Federer vs. Nadal in French Open final


That Rafael Nadal would be so dominant during a 6-4, 6-2, 7-6 (3) victory over Novak Djokovic, a man who is, after all, ranked No. 3 and a Grand Slam champion?

Or that Roger Federer would run into so much trouble before winning 6-2, 5-7, 6-3, 7-5 against Gael Monfils, a man who is, after all, ranked 59th and a major semifinalist for the first time?

Then again, by the end of the day, Roland Garros once more produced the likeliest of all championship matches: No. 1 Federer vs. No. 2 Nadal.

"Rafa again, across the net -- it's the ultimate test on clay. It would be so much better to win the French Open by beating him," Federer said. "It should be entertaining to watch."

The showdown Sunday is their third consecutive French Open final, their fifth Grand Slam final overall, and plenty is on the line.

Nadal can become the first man since Bjorn Borg in 1978-81 to win the tournament four years in a row. Federer can add the lone major trophy missing from his collection, thereby making him the sixth man to complete a career Grand Slam and increasing his total haul to 13 majors, one shy of Pete Sampras' record.

"What's special is winning the tournament, not beating Federer," said Nadal's uncle and coach, Toni. "But if Rafael beats Federer, it means more."

Federer is 6-10 overall against Nadal, including 1-8 on clay and 0-3 at the French Open, where they also met in the 2005 semifinals.

"I will try everything," Federer said. "I hope I will finally win here."

Nadal hasn't lost at Roland Garros. Ever. He improved to 27-0 by beating Djokovic, who won the Australian Open in January and would have overtaken Nadal in the rankings by beating him.

But by the sixth game, Djokovic's cheeks were flush from exertion and he was gasping for air. Nadal make him look like a first-round opponent who had come through qualifying.

"Almost perfect," was the way Nadal described his performance. "Best match at Roland Garros so far, no?"

Federer's semifinal was second, so he took advantage of the opportunity to watch his nemesis.

"Rafa played fantastic for basically the entire time," said Federer, who helped his own cause by winning the point on 49 of 64 trips to the net against Monfils.

Nadal does his finest work along the baseline, and the longer the point, the better, as far as he's concerned. Against Djokovic, he won 32 of the 48 points that lasted at least 10 strokes, according to a tally compiled by The Associated Press.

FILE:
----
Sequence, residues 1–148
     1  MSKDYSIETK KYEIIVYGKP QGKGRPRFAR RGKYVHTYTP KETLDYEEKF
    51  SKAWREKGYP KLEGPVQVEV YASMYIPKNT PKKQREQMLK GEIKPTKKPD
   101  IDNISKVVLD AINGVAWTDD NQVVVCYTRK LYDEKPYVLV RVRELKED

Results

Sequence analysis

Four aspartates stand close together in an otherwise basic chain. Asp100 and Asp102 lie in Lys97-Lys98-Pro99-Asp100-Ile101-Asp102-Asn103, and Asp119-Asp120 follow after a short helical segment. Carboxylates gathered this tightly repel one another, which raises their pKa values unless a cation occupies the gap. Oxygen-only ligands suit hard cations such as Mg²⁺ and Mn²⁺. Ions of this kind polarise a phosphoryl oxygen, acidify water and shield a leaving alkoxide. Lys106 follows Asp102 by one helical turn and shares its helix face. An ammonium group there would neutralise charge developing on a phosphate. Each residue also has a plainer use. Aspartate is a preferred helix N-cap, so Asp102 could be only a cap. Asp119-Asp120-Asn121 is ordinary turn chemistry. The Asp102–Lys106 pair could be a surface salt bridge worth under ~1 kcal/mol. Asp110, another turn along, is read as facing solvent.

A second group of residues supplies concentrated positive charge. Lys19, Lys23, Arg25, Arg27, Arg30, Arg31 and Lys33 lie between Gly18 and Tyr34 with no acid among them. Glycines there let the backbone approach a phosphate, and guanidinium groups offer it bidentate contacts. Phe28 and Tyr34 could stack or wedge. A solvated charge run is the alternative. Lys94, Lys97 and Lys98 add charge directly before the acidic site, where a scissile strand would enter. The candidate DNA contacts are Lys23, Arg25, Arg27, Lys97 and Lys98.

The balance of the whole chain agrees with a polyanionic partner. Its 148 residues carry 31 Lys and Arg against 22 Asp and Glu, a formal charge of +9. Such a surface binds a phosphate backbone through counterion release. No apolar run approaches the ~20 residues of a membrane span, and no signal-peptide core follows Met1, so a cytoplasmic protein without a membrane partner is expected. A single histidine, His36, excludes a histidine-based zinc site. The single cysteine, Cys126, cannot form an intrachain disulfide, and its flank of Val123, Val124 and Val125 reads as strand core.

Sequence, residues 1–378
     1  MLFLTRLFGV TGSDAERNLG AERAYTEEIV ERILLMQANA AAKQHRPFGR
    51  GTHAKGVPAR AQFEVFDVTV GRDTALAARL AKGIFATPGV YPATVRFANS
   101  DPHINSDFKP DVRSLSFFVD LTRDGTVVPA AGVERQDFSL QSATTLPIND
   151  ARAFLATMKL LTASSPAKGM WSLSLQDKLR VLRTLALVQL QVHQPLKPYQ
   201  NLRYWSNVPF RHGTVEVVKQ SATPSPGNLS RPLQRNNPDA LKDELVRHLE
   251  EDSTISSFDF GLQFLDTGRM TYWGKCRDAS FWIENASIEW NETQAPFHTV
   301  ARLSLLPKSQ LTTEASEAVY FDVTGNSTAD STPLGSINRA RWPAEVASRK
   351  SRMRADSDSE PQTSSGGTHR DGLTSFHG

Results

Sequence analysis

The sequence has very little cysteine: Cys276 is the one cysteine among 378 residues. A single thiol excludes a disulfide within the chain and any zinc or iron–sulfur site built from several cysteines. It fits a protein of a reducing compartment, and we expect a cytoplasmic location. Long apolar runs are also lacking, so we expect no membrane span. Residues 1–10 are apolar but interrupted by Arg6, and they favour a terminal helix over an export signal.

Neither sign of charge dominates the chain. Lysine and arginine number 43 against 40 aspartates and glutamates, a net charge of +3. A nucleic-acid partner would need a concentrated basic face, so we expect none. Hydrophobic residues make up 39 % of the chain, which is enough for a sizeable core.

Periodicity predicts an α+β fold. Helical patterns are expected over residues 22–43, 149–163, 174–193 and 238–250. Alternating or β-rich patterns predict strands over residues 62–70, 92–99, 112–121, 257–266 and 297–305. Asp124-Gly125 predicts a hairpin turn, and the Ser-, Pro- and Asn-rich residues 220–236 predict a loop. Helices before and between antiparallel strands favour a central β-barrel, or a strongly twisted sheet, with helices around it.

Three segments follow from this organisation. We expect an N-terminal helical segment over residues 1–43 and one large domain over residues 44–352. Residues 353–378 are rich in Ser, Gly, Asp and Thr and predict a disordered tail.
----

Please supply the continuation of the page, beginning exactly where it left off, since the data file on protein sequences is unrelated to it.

In addition to showing up on the scoreboard, each of those extended rallies -- often prolonged by Nadal's tremendous defense -- can take a toll on an opponent's body and morale.

"Sometimes," Djokovic acknowledged, "it's really frustrating when you can't make a winner."

He didn't register his second forehand winner until the second set, which says far less about Djokovic's ability than Nadal's knack for getting to the ball.

Djokovic finally made a stand after trailing 3-0 in the third set, but by then the final outcome hardly seemed in doubt. Even French tennis federation president Christian Bimes, seated next to Borg in the front row, motioned toward someone with a pinkie and thumb near an ear, the international signal for, "Let's talk on the phone."

Djokovic reached set point while leading 6-5 in the third, but Nadal erased that with a cross-court forehand that wrong-footed the Serb. Later, Nadal said he was trying to hit a safe shot, not a winner. That's how things went for the Spaniard, who then built a 6-0 lead in the tiebreaker.

"He showed again that in the most important moments, he's very strong mentally," Djokovic said.

The same could be said of Federer, who reached his 15th Grand Slam final, tied for fifth-most in history.

Monfils, an enthusiastic Frenchman backed Friday by about 15,000 of his closest friends in the center court stands, is unaccustomed to this sort of high-pressure match, having never before been beyond the fourth round at a major. He began the match by double-faulting on the way to getting broken at love, something he later attributed to contact-lens problems.

"The key to the match," Federer called that start. "He was always trailing."

Well, not quite, because when Federer dumped a volley into the net, then shanked a forehand, Monfils broke him to take the second set. All even. Monfils strutted to the sideline pounding his chest with a fist.

When Monfils held for a 1-0 lead in the third, he technically was ahead, but Federer broke two games later. There were worrisome moments to come for Federer, including when he blew a set point and was broken while serving for the third set at 5-3. He broke right back, however.

Little came easy in the fourth set, either, when Monfils earned six break points, two at a time at 1-1, 2-2 and 3-3. Federer saved them all, making him 10-for-13 for the match.

Monfils kept things interesting, saving two match points -- one with a 128 mph ace -- while trailing 5-4 in the fourth set. When the 21-year-old who shows up at postmatch news conferences wearing NFL or college football jerseys held to 5-5 with a 124 mph service winner, he stood in the middle of the court and raised his arms, encouraging the partisan crowd to get louder.

"I thought that would put pressure on Roger," Monfils said, "but he didn't feel any pressure."

Alas for the locals, Monfils wouldn't win another game.

Federer finished him off with two volley winners, then shook his racket as he skipped to the net, knowing full well what awaits.

"Honestly, I felt relief," Federer said. "And then, 5 or 10 seconds later, I started thinking about another final. That's where I want to be."

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